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02 March 2024 | Daily Current Affairs | Daily The Hindu Analysis

Sri Lanka Map


Greenhushing is like being shy about doing good deeds. A company might be working on sustainability efforts but stays quiet for fear of being called out for not doing enough. It's the opposite of greenwashing (bragging about fake eco-friendliness).

Two Years In: The Stalemate of the Russo-Ukrainian War

The Roots of the Conflict:

The war's origins lie in 2008 when NATO expressed interest in admitting Ukraine, a move seen as a major provocation by Russia. Fearing NATO expansion into former Soviet territory, Russia annexed Crimea in 2014 and launched a full-scale invasion in 2022.

The Battlefield:

The war has become a bloody stalemate. Ukraine desperately needs artillery ammunition to defend its 1,500 km frontline. Shortages have caused rising casualties and the recent loss of the strategic city of Avdiivka. Russia, though, has suffered heavy losses estimated at 200,000 dead and injured.

International Support:

The US has been the biggest arms supplier, but a vital $60 billion aid package is stuck in Congress due to Republican pressure. Europe approved a €5 billion economic aid package, but disagreements cloud further military funding. Germany and other EU members argue over how to share the financial burden.

Looking Ahead:

  • NATO Membership: Ukraine's hopes for immediate membership are dashed. NATO offers some consolation by strengthening existing cooperation channels.

  • Uncertainty Looms: The upcoming Russian election, likely rigged in Putin's favor, and a potential Trump presidency in the US raise serious concerns for Ukraine's future.

Additional Notes:

  • The war has caused a massive humanitarian crisis, displacing millions within Ukraine and forcing millions more to flee the country as refugees.

  • The economic impact is global, with rising food and energy prices.

This is a complex conflict with no easy solutions. The coming months will be crucial in determining the war's trajectory.

Goods and Services Tax


GST encapsulates the dictum – “One nation, one indirect tax”. It will make India one unified common market.

GST was first mooted in the year 2003 by Kelkar Task Force on indirect taxes, who had suggested subsuming various central and state indirect taxes into one indirect tax. To implement this vision, an Empowered Committee of State Finance Ministers was created and tasked with the responsibilty of ironing out the differences and taking this monumental reform forward.

Features of GST

  • Single tax on supply of goods and services, right from the manufacturer to the consumer

  • It is a destination based tax unlike the present taxation scheme which is origin based

  • It is a value based tax as credits of input taxes paid at each stage will be available in the subsequent stages

  • The final consumer will bear only the GST charged by the last dealer in the supply chain

The GST replaced the following taxes:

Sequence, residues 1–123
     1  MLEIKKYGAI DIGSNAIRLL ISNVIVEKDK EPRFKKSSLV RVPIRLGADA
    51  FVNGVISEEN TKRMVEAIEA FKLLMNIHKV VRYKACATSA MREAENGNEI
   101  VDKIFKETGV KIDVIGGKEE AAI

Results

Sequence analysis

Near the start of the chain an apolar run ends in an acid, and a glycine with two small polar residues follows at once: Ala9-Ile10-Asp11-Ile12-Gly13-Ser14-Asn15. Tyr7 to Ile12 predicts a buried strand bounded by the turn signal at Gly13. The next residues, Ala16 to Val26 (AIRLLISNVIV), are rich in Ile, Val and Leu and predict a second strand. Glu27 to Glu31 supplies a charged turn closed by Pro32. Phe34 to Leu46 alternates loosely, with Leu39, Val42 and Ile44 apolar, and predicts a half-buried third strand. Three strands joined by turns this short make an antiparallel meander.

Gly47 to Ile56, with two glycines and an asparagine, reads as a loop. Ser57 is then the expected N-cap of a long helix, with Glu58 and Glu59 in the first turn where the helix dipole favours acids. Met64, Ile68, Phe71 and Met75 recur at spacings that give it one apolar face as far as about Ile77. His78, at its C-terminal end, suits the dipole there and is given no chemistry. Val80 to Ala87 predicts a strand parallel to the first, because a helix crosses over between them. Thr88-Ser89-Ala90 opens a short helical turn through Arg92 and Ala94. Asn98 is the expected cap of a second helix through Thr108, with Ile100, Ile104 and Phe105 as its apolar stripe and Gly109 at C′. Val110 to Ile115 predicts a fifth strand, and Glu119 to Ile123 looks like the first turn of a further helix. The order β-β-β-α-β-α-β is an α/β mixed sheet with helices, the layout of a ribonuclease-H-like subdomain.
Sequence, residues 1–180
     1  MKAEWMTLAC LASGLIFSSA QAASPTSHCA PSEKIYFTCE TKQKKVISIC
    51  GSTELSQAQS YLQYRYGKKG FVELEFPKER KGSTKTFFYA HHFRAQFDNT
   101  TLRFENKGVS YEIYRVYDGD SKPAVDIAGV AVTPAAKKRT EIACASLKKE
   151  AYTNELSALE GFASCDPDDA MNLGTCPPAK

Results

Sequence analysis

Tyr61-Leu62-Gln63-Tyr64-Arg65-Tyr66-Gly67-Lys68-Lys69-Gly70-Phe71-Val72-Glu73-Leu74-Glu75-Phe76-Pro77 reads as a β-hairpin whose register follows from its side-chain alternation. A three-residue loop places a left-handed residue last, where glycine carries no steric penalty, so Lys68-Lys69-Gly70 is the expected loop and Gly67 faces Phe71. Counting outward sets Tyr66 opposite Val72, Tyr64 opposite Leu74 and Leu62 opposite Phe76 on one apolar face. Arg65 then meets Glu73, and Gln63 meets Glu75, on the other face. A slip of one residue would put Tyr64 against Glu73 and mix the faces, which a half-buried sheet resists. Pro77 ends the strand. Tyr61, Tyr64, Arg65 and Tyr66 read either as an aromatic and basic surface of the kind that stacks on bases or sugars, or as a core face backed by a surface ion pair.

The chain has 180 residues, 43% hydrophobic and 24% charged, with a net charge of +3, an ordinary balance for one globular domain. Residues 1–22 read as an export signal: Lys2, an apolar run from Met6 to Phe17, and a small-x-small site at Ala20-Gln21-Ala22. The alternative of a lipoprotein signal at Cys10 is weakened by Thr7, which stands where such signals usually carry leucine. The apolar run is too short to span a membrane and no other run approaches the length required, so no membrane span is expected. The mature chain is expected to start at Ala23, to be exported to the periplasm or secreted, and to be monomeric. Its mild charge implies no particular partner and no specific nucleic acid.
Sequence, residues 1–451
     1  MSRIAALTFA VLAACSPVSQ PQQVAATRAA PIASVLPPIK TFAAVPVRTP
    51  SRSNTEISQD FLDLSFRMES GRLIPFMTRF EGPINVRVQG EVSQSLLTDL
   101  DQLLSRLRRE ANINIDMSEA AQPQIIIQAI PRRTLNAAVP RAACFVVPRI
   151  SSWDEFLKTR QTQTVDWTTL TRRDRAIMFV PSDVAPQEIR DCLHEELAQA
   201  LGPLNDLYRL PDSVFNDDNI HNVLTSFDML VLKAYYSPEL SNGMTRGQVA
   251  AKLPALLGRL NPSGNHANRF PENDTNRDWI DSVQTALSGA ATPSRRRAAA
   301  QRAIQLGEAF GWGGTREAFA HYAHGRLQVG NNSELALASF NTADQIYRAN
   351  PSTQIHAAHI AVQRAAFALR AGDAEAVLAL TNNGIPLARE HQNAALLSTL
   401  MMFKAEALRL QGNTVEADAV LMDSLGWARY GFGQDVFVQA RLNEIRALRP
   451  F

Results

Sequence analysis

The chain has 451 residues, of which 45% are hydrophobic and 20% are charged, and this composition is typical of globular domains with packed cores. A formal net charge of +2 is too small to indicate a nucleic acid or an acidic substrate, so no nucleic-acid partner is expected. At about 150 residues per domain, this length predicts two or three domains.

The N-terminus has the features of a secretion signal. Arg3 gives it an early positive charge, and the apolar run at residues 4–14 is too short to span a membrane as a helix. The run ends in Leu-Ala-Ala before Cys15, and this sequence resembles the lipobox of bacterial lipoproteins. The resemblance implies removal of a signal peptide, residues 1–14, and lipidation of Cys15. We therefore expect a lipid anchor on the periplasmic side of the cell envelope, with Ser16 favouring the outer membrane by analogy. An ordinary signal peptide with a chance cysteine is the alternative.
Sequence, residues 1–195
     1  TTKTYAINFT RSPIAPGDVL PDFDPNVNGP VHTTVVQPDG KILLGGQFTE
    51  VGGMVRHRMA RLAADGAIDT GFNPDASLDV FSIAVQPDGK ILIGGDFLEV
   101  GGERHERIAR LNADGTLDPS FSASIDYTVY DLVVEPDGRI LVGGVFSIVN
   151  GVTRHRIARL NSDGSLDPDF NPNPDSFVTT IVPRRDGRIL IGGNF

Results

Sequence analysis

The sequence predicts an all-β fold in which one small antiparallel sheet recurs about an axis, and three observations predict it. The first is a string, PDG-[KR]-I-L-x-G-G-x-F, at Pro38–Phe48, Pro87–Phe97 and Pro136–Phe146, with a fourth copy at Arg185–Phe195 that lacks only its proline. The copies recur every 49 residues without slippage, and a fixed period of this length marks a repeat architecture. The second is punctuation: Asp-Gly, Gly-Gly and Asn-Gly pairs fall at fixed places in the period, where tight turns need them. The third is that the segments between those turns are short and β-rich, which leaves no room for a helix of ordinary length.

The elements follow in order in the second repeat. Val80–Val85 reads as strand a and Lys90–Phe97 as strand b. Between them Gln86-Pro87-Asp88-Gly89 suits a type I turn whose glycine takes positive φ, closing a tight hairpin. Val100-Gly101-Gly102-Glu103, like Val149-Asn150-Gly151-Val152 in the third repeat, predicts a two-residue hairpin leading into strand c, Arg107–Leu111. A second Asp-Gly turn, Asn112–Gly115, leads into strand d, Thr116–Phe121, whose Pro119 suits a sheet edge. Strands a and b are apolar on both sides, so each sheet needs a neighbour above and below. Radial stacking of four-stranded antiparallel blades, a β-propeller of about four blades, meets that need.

(i) Taxes currently levied and collected by the Centre:

  1. Central Excise duty

  2. Duties of Excise (Medicinal and Toilet Preparations)

  3. Additional Duties of Excise (Goods of Special Importance)

  4. Additional Duties of Excise (Textiles and Textile Products)

  5. Additional Duties of Customs (commonly known as CVD)

  6. Special Additional Duty of Customs (SAD)

  7. Service Tax

  8. Central Surcharges and Cesses so far as they relate to supply of goods and services

(ii) State taxes that would be subsumed under the GST are:

  1. State VAT

  2. Central Sales Tax

  3. Luxury Tax

  4. Entry Tax (all forms)

  5. Entertainment and Amusement Tax (except when levied by the local bodies)

  6. Taxes on advertisements g. Purchase Tax

  7. Taxes on lotteries, betting and gambling

  8. State Surcharges and Cesses so far as they relate to supply of goods and services


Basic Customs Duty: These are protective duties levied at the time of Import of goods into India.

Exports Duty: This duty is imposed at the time of export of certain goods which are not available in India in abundance.

Road & Passenger Tax: These are in the nature of fees and not in the nature of taxes on goods and services.

Toll Tax: These are in the nature of user fees and not in the nature of taxes on goods and services.

Property Tax Stamp Duty Electricity Duty

GST Council

Article 279A (1) of the amended Constitution, the GST Council has to be constituted by the President within 60 days of the commencement of Article 279A.

Composition of the GST Council

Article 279A(2): The Goods and Services Tax Council shall consist of the following members:


  • The Union Finance Minister


  • The Union Minister of State in charge of Revenue or Finance

  • The Minister in charge of Finance or Taxation or any other Minister nominated by each state government


Article 279A(3): The Members of the Goods and Services Tax Council shall choose one member amongst themselves to be the Vice-Chairperson of the Council for such period as they may decide. 


Article 279A(4): The Goods and Services Tax Council shall make recommendations to the Union and the States on